Office of the Civil Rights
8210 Third Avenue, Suite 750
Seattle, Washington 98104-1627
On behalf of the Board of the Greater Seattle Business Association, the largest LGBT chamber of commerce in the United States with over 1000 members, we write to express our utter disappointment in your decision to silence LGBT voices by cancelling the City Hall event with a delegation of Israeli LGBT civil rights leaders. Succumbing to demands and lacking the courage to facilitate dialog with those who are our brethren in the LGBT equality movement will have far reaching consequences not only for the Commission but for the City of Seattle and its elected leaders.
As Seattleites, we are proud to be part of a City that has progressive values and is open, inclusive, engaged and a leader in equality. Thursday’s actions by the Commission have tarnished our image. The Commission was goaded into having the City take a position that is viewed by many as anti-equality, anti-Semitic and anti-Israel. It has been manipulated into placing the City squarely in the middle of an age-old political controversy between Arabs and Jews, a position which we are confident that the Mayor and City Council do not share and did not intend for the City of Seattle.
Israel, regardless of its governmental policies, which some of us may or may not support, provides more protection for LGBT citizens than any other nation in the Middle East – and that protection is for all LGBT citizens, regardless of whether the person is Jewish, Christian or Muslim. We are living in a time in which the LGBT Community is facing life-threatening acts of violence against their existence in Iran, Iraq, and other countries in that region of the world and there is barely an outcry. However, the one Middle East country that actually has laws in place extending equal benefits and protections to its LGBT citizens has its motives questioned. The Commission’s response to withdraw its invitation to meet and talk raises serious questions not only about the motivations of those who lobbied for cancelling the City’s event, but also about the Commission’s abilities and effectiveness as a civil rights entity.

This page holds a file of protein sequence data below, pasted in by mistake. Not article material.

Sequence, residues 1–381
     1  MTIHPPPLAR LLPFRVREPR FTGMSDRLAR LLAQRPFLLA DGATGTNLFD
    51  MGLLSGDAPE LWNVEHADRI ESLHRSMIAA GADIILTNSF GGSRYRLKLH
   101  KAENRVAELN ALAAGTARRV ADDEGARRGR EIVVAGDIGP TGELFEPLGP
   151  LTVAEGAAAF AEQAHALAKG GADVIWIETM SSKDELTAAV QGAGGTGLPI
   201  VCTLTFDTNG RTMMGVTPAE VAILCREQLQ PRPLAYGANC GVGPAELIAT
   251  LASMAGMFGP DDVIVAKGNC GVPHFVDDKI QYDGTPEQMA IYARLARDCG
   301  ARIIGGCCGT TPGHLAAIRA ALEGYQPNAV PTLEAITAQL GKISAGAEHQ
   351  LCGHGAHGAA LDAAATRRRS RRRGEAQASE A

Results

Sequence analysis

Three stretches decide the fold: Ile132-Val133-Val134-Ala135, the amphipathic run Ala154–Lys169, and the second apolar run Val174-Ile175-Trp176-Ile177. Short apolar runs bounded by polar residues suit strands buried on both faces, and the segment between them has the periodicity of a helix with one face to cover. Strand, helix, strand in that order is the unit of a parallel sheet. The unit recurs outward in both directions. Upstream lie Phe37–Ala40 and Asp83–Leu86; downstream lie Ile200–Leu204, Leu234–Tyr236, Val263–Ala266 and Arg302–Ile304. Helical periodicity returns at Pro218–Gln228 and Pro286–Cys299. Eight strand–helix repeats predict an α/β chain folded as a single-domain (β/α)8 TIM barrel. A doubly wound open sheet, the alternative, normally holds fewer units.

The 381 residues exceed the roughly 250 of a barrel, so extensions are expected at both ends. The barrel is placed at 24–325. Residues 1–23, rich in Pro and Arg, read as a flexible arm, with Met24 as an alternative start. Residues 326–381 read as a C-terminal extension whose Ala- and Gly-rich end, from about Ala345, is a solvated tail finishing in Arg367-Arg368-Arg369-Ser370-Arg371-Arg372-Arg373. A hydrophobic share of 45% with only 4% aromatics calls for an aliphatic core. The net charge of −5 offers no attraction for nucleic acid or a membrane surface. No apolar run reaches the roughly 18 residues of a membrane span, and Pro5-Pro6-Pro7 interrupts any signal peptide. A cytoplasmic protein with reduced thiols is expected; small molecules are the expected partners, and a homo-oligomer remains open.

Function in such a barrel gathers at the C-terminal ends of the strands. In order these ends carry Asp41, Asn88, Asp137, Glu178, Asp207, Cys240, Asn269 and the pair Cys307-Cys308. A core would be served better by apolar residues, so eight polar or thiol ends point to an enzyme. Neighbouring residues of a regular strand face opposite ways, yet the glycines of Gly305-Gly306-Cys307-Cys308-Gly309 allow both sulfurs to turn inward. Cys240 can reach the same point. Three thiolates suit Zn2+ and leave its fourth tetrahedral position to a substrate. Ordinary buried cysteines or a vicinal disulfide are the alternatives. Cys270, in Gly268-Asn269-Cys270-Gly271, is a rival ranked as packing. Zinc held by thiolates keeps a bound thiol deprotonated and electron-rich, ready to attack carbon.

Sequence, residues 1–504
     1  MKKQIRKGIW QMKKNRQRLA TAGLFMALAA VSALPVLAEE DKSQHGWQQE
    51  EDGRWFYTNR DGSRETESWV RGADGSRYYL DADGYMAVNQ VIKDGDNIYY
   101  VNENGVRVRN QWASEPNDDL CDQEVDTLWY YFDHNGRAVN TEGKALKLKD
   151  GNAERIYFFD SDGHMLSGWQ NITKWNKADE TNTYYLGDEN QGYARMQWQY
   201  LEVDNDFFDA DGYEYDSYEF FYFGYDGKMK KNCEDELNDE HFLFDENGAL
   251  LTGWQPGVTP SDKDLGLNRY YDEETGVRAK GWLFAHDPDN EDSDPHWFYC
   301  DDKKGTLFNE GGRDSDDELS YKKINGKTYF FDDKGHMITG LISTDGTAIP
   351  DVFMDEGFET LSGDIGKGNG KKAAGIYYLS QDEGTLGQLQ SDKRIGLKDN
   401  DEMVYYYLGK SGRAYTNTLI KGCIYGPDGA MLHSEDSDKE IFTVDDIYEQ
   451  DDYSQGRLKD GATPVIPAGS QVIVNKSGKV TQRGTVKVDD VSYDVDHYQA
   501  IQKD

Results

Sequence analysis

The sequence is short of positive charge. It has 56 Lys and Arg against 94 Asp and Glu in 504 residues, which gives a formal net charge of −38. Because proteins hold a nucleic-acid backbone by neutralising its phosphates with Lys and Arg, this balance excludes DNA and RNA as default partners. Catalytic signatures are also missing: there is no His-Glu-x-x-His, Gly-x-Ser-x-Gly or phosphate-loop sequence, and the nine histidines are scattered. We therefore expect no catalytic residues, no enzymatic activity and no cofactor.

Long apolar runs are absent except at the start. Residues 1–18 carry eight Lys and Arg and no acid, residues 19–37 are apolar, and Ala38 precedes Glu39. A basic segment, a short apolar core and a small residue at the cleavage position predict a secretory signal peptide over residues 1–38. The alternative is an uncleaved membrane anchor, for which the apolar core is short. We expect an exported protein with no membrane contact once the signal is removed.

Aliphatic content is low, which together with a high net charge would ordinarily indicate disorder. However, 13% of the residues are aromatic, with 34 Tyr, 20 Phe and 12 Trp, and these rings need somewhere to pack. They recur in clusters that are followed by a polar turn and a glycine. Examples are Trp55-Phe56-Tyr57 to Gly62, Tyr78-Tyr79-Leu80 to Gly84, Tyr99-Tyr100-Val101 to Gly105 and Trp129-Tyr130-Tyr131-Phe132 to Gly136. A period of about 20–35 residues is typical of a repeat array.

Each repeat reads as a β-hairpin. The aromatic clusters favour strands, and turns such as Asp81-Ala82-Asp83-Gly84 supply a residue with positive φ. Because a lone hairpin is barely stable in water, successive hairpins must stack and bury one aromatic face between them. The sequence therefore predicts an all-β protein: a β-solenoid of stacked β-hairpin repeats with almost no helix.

In our view, you have turned an opportunity to engage in open dialogue and education into the silencing of voices, violating the very tenants of our democracy – the freedom of speech and right to assemble. The message sent by the Commission to the world is out of step with our City values and with the Commission’s mission. Further, your actions are contrary to the views held by the leading LGBT organizations in our City.
It is difficult to undo the damage done by the LGBT Commission. We believe our City leaders will take necessary corrective action. The Commission and the Office for Civil Rights must also look to make amends for its actions and restore the lost confidence of the greater LGBT community. A public apology to the Israeli delegation, LGBT community and the citizens of Seattle, which should come from the Seattle LGBT Commission, Office for Civil Rights, City Council and Mayor, is a critical first step. Another way to start the rebuilding process is for each commissioner to reflect upon his or her actions and consider whether resigning his or her commission will foster renewed confidence, strength and leadership.
In the next couple of weeks, the GSBA will formally request meetings with the Office for Civil Rights, City Councilmembers and the Mayor to discuss the actions of the Commission, accountability of the Office for Civil Rights and address how an advisory commission is given authority to have decision-making powers with considerable and far reaching consequences for the City.
Very truly yours,
Louise Chernin Mark Rosén
President & CEO Board Chair
Chair, Public Affairs
March 20th The SLGBT issued a public statement which they posted on their website and Facebook page